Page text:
(The following is part of an assignment for a course I am taking, called “Preaching as a Contextual Word”)
Souls in Transition: The Religious Lives of Emerging Adults is a fascinating study of our cultural context as experienced by emerging adults, focusing especially on ages 18-24. I certainly see many of the dynamics of ‘souls in transition’ in my context. Our congregation experiences the usual loss of youth after confirmation in regular Sunday worship. We have an active senior high small group ministry that we share with a three point parish to the north of us – later in the evening on Wednesdays, after confirmation, we have a senior high group that gets together and hangs out at someone’s home. It is a wonderful support/prayer group. The idea that many of those youth would by their own volition attend a Sunday morning worship service, with organ led hymns, sitting quietly listening to me preach, with a social time, with cheap coffee in a big fellowship hall afterward, is wishful thinking. They are out with their friends on Saturday night; Sunday morning is for sleeping in. The same goes for recent high school graduates. Our church is two blocks away from a community college. The total number of college students who regularly attend worship at our church: zero. We do not see young adults until they have Sunday school age children, and then we often do not see them in worship. Sometimes church members complain about parents who drop their children off for Sunday school but do not attend worship, but who is inviting them, and what do they experience when they do attend worship? Perhaps the very notion of worship attendance is part of the problem, as if worship is a requirement to endure.
Lately, I have been examining other congregations in our context – a Vineyard Church, as well as other Lutheran churches – as a way to see my congregation more clearly, and see what needs to change to reach out to emerging adults effectively. The goal is not to mimic other congregations, but to learn from them. I was struck by something a chaplain at a local nursing home said. A 90 year old woman told her excitedly that on her birthday, her grandchildren had taken her to “the young people’s church” – which turned out to be the local Vineyard congregation, a congregation that has recently outgrown their building and is meeting in the Community Center’s auditorium every Sunday. That got me thinking: no one, on attending our congregation, would call it “the young people’s church,” and I imagine the same could be said about many (most?) ELCA congregations. Why is that? When our congregation was founded, in 1964, it probably was the young people’s church of Detroit Lakes – certainly, when it began, the founding pastor recruited many young couples and families, many of whom still attend. The Vineyard Church has the same Sunday morning worship schedule as our congregation has for several years. What do they do that has worked so well to grow their congregation in a few years? Part of the answer is worship style and worship excellence. Instead of an organ, they have a band. Part of the answer is small groups: while our congregation has two functioning small groups, with an average age of about 75, the Vineyard has at least 19 small groups, led by couples or individuals of all ages. Part of the answer is an effective Celebrate Recovery ministry, which reaches out and ministers to the many people in our community who struggle with substance abuse. I do not mean to demean our congregation: we do some wonderful ministry with children and youth; we have a core of faithful disciples who do a lot of service to our community; we have grown steadily in the past four years, mostly with new, younger families joining the congregation. Also, there is no shame in being at a different stage of life than another congregation. And yet, for our congregation to thrive now and in the future, some changes must occur.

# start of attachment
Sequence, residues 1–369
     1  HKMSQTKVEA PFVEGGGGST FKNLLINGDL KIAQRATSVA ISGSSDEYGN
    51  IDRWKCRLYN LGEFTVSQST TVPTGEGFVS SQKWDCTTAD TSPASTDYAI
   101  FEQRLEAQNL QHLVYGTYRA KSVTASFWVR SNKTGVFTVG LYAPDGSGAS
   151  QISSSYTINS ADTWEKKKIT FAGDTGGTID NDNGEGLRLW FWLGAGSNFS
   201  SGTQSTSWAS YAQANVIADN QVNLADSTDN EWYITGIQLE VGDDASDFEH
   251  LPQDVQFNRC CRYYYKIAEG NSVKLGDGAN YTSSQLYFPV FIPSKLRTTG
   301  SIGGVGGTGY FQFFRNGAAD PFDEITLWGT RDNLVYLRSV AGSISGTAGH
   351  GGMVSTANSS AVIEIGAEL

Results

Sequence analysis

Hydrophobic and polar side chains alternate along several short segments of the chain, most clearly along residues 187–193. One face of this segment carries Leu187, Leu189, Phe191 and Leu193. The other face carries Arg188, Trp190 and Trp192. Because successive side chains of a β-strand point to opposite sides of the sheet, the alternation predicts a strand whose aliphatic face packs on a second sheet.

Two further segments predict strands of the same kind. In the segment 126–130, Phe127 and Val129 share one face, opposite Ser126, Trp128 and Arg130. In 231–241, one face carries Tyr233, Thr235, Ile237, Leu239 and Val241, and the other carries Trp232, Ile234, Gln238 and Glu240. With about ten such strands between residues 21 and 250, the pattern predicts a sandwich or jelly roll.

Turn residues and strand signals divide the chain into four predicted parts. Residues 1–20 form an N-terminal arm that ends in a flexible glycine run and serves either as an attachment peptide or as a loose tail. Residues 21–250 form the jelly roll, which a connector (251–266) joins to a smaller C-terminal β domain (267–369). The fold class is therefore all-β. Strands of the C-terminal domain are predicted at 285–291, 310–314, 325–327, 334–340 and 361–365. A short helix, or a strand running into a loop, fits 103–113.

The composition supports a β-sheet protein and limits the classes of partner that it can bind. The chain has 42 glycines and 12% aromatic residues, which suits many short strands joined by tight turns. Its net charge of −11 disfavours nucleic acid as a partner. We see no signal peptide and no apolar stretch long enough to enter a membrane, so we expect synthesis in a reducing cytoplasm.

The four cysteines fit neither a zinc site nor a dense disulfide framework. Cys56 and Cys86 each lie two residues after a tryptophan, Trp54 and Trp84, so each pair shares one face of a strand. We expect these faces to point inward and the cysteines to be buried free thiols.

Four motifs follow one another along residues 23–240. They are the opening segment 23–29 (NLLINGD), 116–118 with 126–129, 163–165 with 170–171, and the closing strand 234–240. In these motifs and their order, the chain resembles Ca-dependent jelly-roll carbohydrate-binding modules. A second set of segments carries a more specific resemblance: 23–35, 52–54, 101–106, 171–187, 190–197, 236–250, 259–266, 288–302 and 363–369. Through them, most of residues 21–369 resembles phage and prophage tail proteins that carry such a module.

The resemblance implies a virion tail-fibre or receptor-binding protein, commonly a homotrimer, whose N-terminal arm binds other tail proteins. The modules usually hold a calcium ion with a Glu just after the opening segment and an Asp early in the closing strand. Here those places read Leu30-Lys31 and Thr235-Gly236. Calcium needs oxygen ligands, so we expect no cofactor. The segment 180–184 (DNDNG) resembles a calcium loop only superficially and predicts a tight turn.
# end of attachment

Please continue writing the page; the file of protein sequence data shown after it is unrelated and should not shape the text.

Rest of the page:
In terms of how this context affects my preaching, at this point I am very conscious of who is not with us in worship – emerging adults – and I lift up that absence. The congregation is aware of the ‘graying’ of our worshiping community; the question is what are we willing to change or give up to change that? How can we become, not “the young people’s church,” but a truly intergenerational congregation? How can we integrate the young people we do have in our congregation into the life of the church, including worship and small groups, more fully? How can we grow in the quality and relevance of worship, so that, when young people do attend, they want to return?
 Christian Smith and Patricia Snell, Souls in Transition: The Religious Lives of Emerging Adults, New York: Oxford, 2009.